Canadian new home starts are still strong but have begun to slow down from highs. Canada Mortgage and Housing Corporation (CMHC) data shows housing starts climbed in April. The rise in starts is based on seasonally adjusted month-to-month data, though. The number of new homes remains historically high but annual growth is tapering.
Canadian New Home Starts Are Making A Seasonal Climb Higher
The trend, a 6-month moving average of the seasonally adjusted annual rate (SAAR), climbed in April. The trend of new home starts reached 257,800 units in April, up 1.8% from a month before. The trend is the agency’s preferred measure, since it minimizes volatility. However, both a moving average and SAAR minimizes month-to-month fluctuations. Applying both can minimize and make trends slow to respond.
The “standalone,” not a moving average, shows more starts but trending lower from last year. The SAAR reached 267,300 in April, up 8.0% from the month before. Compared to the previous year, starts have fallen 3.1% lower — not a substantial drop, but still lower. In any case, the number of starts remains higher than usual.
Canadian New Housing Starts
The seasonally adjusted annual rate of new housing starts across Canada.
Source: CMHC; Better Dwelling.
“On a trend and monthly SAAR basis, the level of housing starts activity in Canada remains historically high, hovering well above 200,000 units since June 2020 and increased from March to April,” said Bob Dugan, CMHC’s Chief Economist.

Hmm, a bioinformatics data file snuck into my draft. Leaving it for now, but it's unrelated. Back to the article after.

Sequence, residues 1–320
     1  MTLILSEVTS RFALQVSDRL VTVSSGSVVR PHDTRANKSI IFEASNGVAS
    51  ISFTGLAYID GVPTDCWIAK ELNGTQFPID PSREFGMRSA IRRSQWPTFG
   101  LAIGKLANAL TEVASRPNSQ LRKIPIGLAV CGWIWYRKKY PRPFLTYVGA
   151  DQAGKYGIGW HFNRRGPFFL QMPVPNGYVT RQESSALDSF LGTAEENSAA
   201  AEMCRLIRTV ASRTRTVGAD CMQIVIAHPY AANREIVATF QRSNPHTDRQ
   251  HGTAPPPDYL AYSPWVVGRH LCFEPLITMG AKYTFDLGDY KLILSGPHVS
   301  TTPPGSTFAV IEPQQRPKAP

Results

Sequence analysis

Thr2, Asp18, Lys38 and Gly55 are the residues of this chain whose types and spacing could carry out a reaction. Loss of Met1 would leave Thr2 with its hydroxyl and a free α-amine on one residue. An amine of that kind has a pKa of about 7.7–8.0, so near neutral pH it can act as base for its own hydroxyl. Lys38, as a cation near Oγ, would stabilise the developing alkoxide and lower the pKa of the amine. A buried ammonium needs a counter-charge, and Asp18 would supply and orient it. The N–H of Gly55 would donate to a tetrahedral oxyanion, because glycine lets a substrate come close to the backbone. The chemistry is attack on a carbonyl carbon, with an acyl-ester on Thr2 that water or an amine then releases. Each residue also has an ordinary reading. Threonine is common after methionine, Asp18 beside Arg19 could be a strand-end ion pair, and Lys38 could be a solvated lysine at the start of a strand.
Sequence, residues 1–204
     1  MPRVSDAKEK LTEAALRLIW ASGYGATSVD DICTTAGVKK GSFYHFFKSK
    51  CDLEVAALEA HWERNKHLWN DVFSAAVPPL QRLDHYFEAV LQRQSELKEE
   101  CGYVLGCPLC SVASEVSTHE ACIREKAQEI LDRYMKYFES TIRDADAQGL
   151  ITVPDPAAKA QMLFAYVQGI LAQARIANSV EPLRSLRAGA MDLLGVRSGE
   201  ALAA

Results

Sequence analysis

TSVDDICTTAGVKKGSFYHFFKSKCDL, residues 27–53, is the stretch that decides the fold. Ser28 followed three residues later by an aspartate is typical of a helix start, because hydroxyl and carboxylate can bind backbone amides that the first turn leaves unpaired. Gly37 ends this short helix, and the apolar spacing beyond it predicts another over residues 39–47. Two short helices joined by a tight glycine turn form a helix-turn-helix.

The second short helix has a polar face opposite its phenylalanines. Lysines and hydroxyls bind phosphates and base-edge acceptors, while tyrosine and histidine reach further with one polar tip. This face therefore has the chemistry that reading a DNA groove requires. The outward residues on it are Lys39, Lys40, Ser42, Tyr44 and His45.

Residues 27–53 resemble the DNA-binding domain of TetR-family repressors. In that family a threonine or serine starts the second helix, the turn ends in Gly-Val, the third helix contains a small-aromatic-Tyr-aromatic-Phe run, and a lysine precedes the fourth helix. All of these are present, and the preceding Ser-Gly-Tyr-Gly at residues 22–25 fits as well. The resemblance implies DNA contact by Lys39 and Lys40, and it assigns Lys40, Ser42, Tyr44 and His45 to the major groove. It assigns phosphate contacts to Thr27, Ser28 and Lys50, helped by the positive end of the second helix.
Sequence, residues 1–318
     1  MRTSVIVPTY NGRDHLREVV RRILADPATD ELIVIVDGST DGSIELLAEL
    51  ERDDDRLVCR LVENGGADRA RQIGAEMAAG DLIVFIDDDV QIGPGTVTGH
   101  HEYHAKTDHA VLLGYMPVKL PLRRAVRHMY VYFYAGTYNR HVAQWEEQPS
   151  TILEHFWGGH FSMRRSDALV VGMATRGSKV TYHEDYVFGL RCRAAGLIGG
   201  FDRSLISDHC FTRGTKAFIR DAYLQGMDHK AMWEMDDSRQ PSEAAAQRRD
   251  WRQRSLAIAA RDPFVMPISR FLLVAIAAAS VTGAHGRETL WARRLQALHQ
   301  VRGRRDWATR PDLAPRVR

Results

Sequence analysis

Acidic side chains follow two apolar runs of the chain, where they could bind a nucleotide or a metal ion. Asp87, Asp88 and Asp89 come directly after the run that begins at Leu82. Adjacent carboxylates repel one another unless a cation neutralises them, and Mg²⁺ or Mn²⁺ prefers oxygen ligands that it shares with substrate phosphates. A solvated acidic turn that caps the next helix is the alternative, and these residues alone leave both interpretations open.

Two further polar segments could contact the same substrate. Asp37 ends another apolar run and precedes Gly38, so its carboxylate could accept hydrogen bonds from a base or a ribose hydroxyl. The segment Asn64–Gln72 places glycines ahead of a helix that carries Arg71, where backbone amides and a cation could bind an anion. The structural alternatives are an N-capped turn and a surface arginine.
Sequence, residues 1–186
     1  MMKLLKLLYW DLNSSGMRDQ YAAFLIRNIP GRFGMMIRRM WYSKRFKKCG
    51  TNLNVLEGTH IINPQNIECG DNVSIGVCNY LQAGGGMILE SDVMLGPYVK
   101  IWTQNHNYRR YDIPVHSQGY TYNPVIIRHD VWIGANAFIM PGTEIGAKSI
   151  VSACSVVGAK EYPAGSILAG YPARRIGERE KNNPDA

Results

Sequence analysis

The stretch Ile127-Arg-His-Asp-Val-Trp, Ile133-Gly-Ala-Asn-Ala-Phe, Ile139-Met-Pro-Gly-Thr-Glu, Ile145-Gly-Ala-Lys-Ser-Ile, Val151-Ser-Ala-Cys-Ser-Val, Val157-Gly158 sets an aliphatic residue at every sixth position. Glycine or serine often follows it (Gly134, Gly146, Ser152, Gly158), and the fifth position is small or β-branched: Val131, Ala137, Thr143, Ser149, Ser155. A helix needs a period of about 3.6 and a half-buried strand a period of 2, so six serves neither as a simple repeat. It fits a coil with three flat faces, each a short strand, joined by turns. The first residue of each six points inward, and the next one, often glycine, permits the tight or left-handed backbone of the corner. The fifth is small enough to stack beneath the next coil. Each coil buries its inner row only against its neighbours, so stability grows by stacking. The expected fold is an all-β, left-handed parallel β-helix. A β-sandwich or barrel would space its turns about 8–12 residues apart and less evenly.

He adds, “The increase in monthly SAAR housing starts in Canada’s urban areas was driven by higher multi-unit and single-detached starts in April. Among Montreal, Toronto and Vancouver, Toronto was the only market to post a decrease in total SAAR starts, which was driven by lower multi-unit and single-detached starts.”
Toronto New Home Starts Fell Sharply, But Was Tapering Before
Greater Toronto’s new home starts showed a sharp drop, isolating itself from the other Big Three. The SAAR reached 24,600 new units in April, down 37.7% from the month before. Compared to last year, the number was 26.4% lower. It’s a sharp decline in activity, regardless of how it’s cut. One reason for the drop, not mentioned by the CMHC, is labor disruptions in Greater Toronto.
In May, most of Greater Toronto’s skilled trades for homebuilding went on strike. Combined with higher rates, developers likely hit the pause button on new home starts. The strike is limited to 6 weeks in Ontario, so the disruption isn’t expected to drag on for too long. The strike began in May, but some projects were likely delayed in anticipation.
Canada’s new home starts are still strong, especially compared to pre-2020 activity. Even with a hiccup in its largest real estate market, new building is historically high. However, there is tapering as activity normalizes from record levels.